8 UNREALISTIC OPTIMISM ABOUT FUTURE LIFE EVENTS 813 Table 2 Correlations Between Mean Comparative Judgments* and Mean Ratings of Event Characteristics^ Event characteristic and hypothesis number All events (» = 42)" Positive events (» = 18) Negative events (» = 24) Degree of desirability (2) Perceived probability (3) Personal experience (4) Perceived controllability (5) Stereotype salience (6).30*.49**.39*.52***".45*.74*** * -.67*** -.76*** Means over subjects in comparative rating group. b Mean over subjects in event rating group. (The median estimate was used for perceived probability.) 0 Pooled within-type correlation coefficient, with positive and negative events as separate types. Significance levels refer to the magnitude of the corresponding pooled within-type regression coefficient, the parameter directly tested by the statistical analysis. d Correlation between event characteristic and optimism. For positive events, own chances greater than others' implies optimism. For negative events, own chances less than others' implies optimism. "For Hypothesis 6, positive and negative events were examined separately. * p <.06. ** p <.01. *** p <.001. Table 2. Separate correlations for positive and negative events are presented in Columns 2 and 3. The figures show that all of the correlations predicted by Hypotheses 2-6 were in the predicted direction and that all of the event characteristic terms were statistically significant. Columns 2 and 3, however, reveal different patterns of associations for positive and negative events. (Differences in the sizes of the positive event'and negative event correlation coefficients were statistically significant only for perceived probability, p <.06, and stereotype salience, p <.05.) For positive events, perceived probability and degree of desirability were significantly correlated with the amount of optimistic bias; for negative events, the correlations with stereotype salience, perceived controllability, and personal experience were significant. Multiple Regression Analyses Further calculations revealed significant correlations between two pairs of event characteristics: between stereotype salience and perceived controllability,.69 and.78 for positive and negative events, respectively, and between perceived probability and personal experience,.53 and.57 for positive and negative events, respectively (cf. Lichtenstein et al., 1978). Since these event characteristics are interrelated, the significant correlations in Table 2 do not necessarily identify independent predictors or unrealistic optimism. To examine this issue further, multiple regression analyses were carried out for positive and negative events to predict the size of the optimistic bias from event characteristics. Since the number of degrees of freedom in these calculations was quite small, however, the statistical power was necessarily low, and conclusions reached from these multivariate analyses must remain tentative. In a stepwise regression for positive events, perceived probability (p <.001) and degree of desirability (/><.!) entered the prediction equation, R =.79, F(2,15) = 12.55, p <.001. With all five variables entered, however, only the contribution of perceived probability was still statistically significant (p <.02). For negative events, stereotype salience (/> <.001) and personal experience (/> <.02) entered the stepwise prediction equation, R =.82, F(2, 21) = 22.74, p <.001. With all five variables, only stereotype salience was still significant (p <.005). The failure of perceived controllability to appear in the negative event equation was clearly due to its very high correlation with stereotype salience. Discussion The present data provide evidence of unrealistic optimism for both positive and negative life events. As expected, the magnitude of this optimistic bias varied from event to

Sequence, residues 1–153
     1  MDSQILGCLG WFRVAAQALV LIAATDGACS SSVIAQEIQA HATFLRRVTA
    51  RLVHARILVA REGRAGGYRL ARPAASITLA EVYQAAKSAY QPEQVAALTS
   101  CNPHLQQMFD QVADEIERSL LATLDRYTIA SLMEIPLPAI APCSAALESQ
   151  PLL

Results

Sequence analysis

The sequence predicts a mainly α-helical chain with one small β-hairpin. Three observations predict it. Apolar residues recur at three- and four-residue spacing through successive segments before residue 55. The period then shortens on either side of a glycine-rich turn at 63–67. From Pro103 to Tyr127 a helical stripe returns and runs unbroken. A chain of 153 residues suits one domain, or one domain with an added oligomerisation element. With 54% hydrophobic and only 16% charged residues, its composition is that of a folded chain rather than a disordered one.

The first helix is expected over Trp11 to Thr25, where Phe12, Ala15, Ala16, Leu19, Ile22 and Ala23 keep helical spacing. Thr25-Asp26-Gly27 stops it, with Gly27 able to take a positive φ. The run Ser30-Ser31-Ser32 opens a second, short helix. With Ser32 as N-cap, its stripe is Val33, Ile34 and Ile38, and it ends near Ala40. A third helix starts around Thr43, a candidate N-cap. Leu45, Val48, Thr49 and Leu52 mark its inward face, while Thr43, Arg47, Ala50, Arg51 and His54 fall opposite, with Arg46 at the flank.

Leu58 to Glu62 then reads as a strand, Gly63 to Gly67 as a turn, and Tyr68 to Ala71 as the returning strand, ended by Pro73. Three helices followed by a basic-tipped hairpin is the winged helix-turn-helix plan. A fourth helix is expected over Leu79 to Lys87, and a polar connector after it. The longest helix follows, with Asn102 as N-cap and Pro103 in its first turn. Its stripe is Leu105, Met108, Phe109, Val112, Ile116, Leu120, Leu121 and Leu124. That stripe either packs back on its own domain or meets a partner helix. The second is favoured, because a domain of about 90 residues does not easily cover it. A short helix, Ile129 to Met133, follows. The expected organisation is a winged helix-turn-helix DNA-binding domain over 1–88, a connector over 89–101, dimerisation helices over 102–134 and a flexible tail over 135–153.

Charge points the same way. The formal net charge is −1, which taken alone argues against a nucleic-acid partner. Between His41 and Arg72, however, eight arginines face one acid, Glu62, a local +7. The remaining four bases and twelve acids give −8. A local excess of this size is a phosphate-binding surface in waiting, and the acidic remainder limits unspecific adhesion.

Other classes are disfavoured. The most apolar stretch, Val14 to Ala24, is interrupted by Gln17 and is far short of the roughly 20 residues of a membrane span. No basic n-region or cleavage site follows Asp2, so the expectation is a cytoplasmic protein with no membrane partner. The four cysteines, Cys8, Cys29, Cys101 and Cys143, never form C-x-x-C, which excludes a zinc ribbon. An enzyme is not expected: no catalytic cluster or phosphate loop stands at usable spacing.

9 814 NEIL D. WEINSTEIN event, but most of the variability could be explained by reference to a few dimensions on which the events differed. Although all six hypotheses posed in the introduction were supported, different factors appeared to govern responses to positive and negative events. For negative events, optimism, perceived controllability, and stereotype salience were all strongly intercorrelated. When an event was judged to be controllable, a stereotype existed in subjects' minds of the kind of person to whom the event generally occurred. Presumably, this person was believed to be at risk because he or she failed to take any action to control the risk. Subjects seemed to compare themselves with the stereotypic victim, leading them to conclude that their own risks were less than average. For events perceived to be uncontrollable, there was no stereotype of the victim, and subjects did not show any systematic bias. In retrospect, some of the different correlations for positive events are not surprising. It seems likely that everyone would want to avoid the negative events in this study; yet just because the result of an event is desirable does not mean that everyone is committed to achieving that result. For example, an award for community service may be very attractive, but it may be a goal for very few people. The finding that optimism was not greater among the positive events judged to be controllable or found to be associated with a stereotypic, high-chance group may simply reflect the fact that many subjects were not attempting to control (i.e., influence) these events. This same explanation may account for the strong correlation for positive events between perceived probability and comparative judgments. Examination of the positive events in Table 1 suggests that the high probability events are the only ones likely to be widely accepted as personal goals. Subjects are presumably working toward these goals, and because their efforts should increase the likelihood that they will succeed, they mistakenly conclude that their prospects are better than average. Of course, one can only work toward a goal if the outcome is somewhat controllable, and in fact, the high probability positive events in the study were also relatively high in controllability. 7 There is no obvious reason why personal experience and degree of desirability were significant for one type of event but not the other. Thus, for both positive and negative events, an optimistic bias appears to result when two conditions are satisfied. First, the event is perceived to be controllable, so that there are things one can do or contemplate doing to influence the event. Second, people have some degree of commitment or emotional investment in the outcome. Under these conditions, optimism arises because people compare themselves with an inappropriate standard: a person who does little or nothing to improve his or her prospects. Contrary to expectations based on a motivational interpretation of optimism, degree of desirability had no appreciable effect on the size of the optimistic bias for negative events. In fact, optimism was not appreciably greater for the seven life threatening events in the sample numbers 20, 22, 25, 28, 38, 39, and 42 (M = 20.4%) than for the other negative events (M = -19.5%). Study 2 Previously it was suggested that people may be optimistically biased because their image of other people is inaccurate or incomplete. Aware of the factors that improve their own 7 The proposed difference in commitment between the positive and negative events in this study was subjected to a preliminary test. A mixed-sex group of students from Cook College (n = 64) rated all events on a scale that ranged from 1 (not at all important to me whether or not the event occurs) to 4 (quite important to me whether or not the event occurs). It was expected that: (a) negative events would be rated higher in importance than positive events; (b) importance would be positively correlated with optimism for both positive and negative events; and (c) for positive events, importance would be strongly related to event probability. The results strongly supported all three predictions. Mean ratings of importance for negative and positive events were 3.22 and 2.58, respectively, <(40) = 4.05, p <.001. The correlation of importance with optimism was.62 (p <.01) for positive events, and.46 (p <.025) for negative events. Finally, importance and probability were strongly correlated for positive events,.63 (p <.01), but uncorrelated for negative events (-.22, ns).